( 2 Jun 94)
           General Atomic and Molecular Electronic Structure System
                              GAMESS User's Guide
                                as prepared at
                            Department of Chemistry
                             Iowa State University
                                Ames, IA 50011
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              Original program assembled by the staff of the NRCC:
                 M. Dupuis, D. Spangler, and J. J. Wendoloski
               National Resource for Computations in Chemistry
                 Software Catalog, University of California:
                     Berkeley, CA (1980), Program QG01
                   This version of GAMESS is described in
            M.W.Schmidt, K.K.Baldridge, J.A.Boatz, S.T.Elbert,
              M.S.Gordon, J.H.Jensen, S.Koseki, N.Matsunaga,
          K.A.Nguyen, S.J.Su, T.L.Windus, M.Dupuis, J.A.Montgomery
                   J.Comput.Chem.  14, 1347-1363(1993)

                   Section 1 - INTRO.DOC - Overview
                   Section 2 - INPUT.DOC - Input Description
                   Section 3 - TESTS.DOC - Input Examples
                   Section 4 - REFS.DOC  - Further Information
                   Section 5 - PROG.DOC  - Programmer's Reference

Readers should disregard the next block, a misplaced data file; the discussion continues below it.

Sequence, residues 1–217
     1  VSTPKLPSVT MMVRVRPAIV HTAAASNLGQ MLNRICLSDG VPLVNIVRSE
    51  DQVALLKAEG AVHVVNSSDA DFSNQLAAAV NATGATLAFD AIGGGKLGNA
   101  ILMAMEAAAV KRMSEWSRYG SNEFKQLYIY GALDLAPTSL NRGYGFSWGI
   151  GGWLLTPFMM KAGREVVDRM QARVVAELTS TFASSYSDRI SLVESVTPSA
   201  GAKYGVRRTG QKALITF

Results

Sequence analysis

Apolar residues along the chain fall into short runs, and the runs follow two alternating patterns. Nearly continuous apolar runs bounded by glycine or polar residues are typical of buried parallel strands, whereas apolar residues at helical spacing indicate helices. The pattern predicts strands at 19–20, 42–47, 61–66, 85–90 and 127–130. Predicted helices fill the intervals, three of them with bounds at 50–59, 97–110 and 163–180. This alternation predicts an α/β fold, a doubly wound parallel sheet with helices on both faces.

Section 6 - IRON.DOC  - Hardware Specifics
              Questions about GAMESS may be addressed to:
          Mike Schmidt = mike@si.fi.ameslab.gov = 515-294-9796

          E-mail is much, much, much preferred to phone calls!

              A wide range of quantum chemical computations are
          possible using GAMESS, which
             1. Calculates -RHF-   SCF molecular wavefunctions.
             2. Calculates -UHF-   SCF molecular wavefunctions.
             3. Calculates -ROHF-  SCF molecular wavefunctions.
             4. Calculates -GVB-   SCF molecular wavefunctions.
             5. Calculates -MCSCF- wavefunctions.
             6. Calculates -CI-    wavefunctions using the unitary
                                   group method.
             7. Calculates analytic energy gradients for all these
                wavefunctions except -CI-.
             8. Optimizes molecular geometries using the energy
                gradient, in terms of Cartesian or internal coords.
             9. Searches for potential energy surface saddle points.
            10. Traces the intrinsic reaction path from a saddle
                point to reactants or products.
            11. Computes normal modes, vibrational frequencies, and
                IR intensities.
            12. Computes radiative transition probabilities, and
                spin-orbit coupling constants.